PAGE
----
The Quick Start™ Bradford protein assay is a fast, robust and simple one-step method for measuring protein concentrations samples in a variety of solutions. The Bradford method (Anal. Biochem. (1976) 72, 248-254) measures the absorbance shift of the red cationic form of Coomassie Blue G-250 to the blue stable anionic form when bound to arginine and hydrophobic amino acids in proteins.
The Quick Start™ Bradford Protein Assay Kit contains 1 liter dye solution (includes methanol and phosphoric acid) and either five aliquots (2 mg x 2 ml each) of bovine serum albumin or bovine gamma-globulin standards, or two aliquots (2 ml each) of pre-diluted standard sets: 2, 1.5, 0.75, 0.5, 0.25, 0.125 mg/ml in screwcap vials. The kits are stable for 1 year at 4°C since the standards are diluted in 0.9% NaCl/0.05% NaN3. Standard assays are performed as 5 ml (sample 100 µl), 1 ml (sample 20 µl) or 250 ul (sample 5 µl, in microtiter plate) assays; microassays are performed with equal volumes of dye and samples either with 2 ml in tubes or 150 µl in a microtiter plate). The protein concentrations can be measured after 5 minutes or up to 1 h; measurements are taken at 595 nm (580 - 610 nm) in a spectrophotometer or microplate reader. The Quick Start™ Bradford Protein Assay Kit includes enough reagents for 200 standard tube assays or 4,000 microplate assays.
The assay is compatible with a wide range of reagents, such as organic solvents (acetone, acetonitrile, methanol), some detergents (CHAPS, desoxycholate, octylglucoside), most commonly used buffers (PBS, TRIS, Hepes), culture media (Eagles MEM), salt solutions (NaCl2, MgCl2, KCl), sugars (sucrose, glucose) and denaturating reagents (DTT, 2-mercaptoethanol, urea). The instruction manual provides a detailed protocol of the procedure, a complete list of compatible reagents as well as a troubleshooting section. The microassay is compatible with lower concentrations of reagent (1/25 of the amount of reagent required for the standard assay) listed in the table due to a higher sample-dye volume. Interference of any reagents with the protein of interest should be tested or the buffer of the unknown samples should be included in the standards when preparing the dilutions. Proteins with molecular weights lower than 3-5 kDa cannot be detected with the assay.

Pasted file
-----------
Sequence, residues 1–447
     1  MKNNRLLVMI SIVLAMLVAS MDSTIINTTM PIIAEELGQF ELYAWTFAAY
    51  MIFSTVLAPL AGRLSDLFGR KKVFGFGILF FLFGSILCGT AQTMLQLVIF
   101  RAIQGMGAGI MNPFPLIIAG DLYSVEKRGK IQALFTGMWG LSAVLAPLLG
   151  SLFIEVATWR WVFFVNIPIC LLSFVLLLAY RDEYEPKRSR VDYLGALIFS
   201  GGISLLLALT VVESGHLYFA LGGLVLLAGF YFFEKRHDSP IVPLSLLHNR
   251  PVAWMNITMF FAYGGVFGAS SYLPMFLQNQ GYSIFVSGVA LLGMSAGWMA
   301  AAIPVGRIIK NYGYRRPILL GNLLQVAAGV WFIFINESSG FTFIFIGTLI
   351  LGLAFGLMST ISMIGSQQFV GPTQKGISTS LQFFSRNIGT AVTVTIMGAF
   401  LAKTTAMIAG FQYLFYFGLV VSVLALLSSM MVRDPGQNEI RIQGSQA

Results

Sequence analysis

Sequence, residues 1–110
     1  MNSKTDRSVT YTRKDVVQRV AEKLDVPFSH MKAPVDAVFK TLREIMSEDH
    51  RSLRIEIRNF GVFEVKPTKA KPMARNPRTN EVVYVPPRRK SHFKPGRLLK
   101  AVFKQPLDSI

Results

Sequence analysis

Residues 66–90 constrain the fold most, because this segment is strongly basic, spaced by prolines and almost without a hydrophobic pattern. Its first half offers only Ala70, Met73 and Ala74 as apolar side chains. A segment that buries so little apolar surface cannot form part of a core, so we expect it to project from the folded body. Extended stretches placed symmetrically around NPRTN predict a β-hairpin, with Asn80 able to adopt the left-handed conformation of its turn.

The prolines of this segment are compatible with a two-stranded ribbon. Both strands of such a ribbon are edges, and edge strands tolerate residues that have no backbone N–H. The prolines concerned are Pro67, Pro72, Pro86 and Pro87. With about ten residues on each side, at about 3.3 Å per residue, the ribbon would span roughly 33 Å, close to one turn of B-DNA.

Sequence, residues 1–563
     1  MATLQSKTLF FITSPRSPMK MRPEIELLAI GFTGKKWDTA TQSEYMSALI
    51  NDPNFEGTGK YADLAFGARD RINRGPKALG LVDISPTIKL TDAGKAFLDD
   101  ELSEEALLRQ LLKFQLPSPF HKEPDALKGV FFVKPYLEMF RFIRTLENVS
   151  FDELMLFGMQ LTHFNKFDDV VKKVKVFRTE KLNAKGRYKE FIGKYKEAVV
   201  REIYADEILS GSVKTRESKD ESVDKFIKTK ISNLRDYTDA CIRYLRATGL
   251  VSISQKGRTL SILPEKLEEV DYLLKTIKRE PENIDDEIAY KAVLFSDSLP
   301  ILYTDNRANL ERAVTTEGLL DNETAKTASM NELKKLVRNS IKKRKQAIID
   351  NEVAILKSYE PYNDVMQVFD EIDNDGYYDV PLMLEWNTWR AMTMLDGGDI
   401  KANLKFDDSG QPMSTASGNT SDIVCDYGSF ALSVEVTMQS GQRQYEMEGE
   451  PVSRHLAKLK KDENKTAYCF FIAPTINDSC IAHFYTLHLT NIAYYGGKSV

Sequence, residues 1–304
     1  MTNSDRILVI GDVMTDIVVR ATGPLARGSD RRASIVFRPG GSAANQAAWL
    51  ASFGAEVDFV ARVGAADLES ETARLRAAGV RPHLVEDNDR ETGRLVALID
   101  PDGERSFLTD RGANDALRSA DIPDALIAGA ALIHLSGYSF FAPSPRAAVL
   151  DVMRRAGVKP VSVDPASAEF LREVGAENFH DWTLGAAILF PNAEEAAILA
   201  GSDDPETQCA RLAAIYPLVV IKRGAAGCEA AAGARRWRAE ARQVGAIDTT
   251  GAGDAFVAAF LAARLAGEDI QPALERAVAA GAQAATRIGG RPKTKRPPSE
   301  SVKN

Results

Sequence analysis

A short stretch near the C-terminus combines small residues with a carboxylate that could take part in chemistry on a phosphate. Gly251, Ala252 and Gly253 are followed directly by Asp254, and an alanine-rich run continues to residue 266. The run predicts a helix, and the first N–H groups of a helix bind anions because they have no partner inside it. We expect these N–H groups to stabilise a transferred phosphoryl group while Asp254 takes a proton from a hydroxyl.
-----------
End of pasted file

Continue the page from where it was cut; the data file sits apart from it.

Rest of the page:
Measuring samples from a variety of tissues and cell lysates, I especially liked using the microplate standard assay. We routinely used the assay with the bovine gamma globulin standard (in duplicate or triplicate), which has a wider detection range than BSA and resembled more closely one of our protein lysates, an Fc-construct of a recombinant protein. The microplate assay is especially useful when multiple samples have to be measured at the same time for accurate comparison (e.g. different time points after cell stimulation to detect changes in phosphorylation or expression levels in a signaling pathway). In the microplate assay, a multi-channel pipettor can be used to mix the dye solution with the samples in order to speed up the pipetting process and handle less of the hazardous solution. Care has to be taken that equal volumes are pipetted and no spills occur when mixing too quickly.
It is easy to measure the assay in a microplate reader, which can be mostly programmed to subtract the blank value, set up the standard curve and calculate directly the concentrations of the samples. When using the assay with buffers containing reagents not listed in the compatibility table of the protocol, it is better to set up a standard curve with the buffer and another one with a listed buffer to make sure that the color development can be measured with the method. (Inclusion of incompatible detergents or reagents can change the expected blue color into a variety of different colors).
The Quick Start™ Bradford Protein Assay Kits are a fast, reliable and easy way to determine protein concentrations in multiple samples even when different protein concentrations are expected in the range of 1.25 - 20 µg/ml (microplate assay). The instruction manual provides all the information needed to perform the assay, as well as suggestions for standard dilutions and a troubleshooting guide.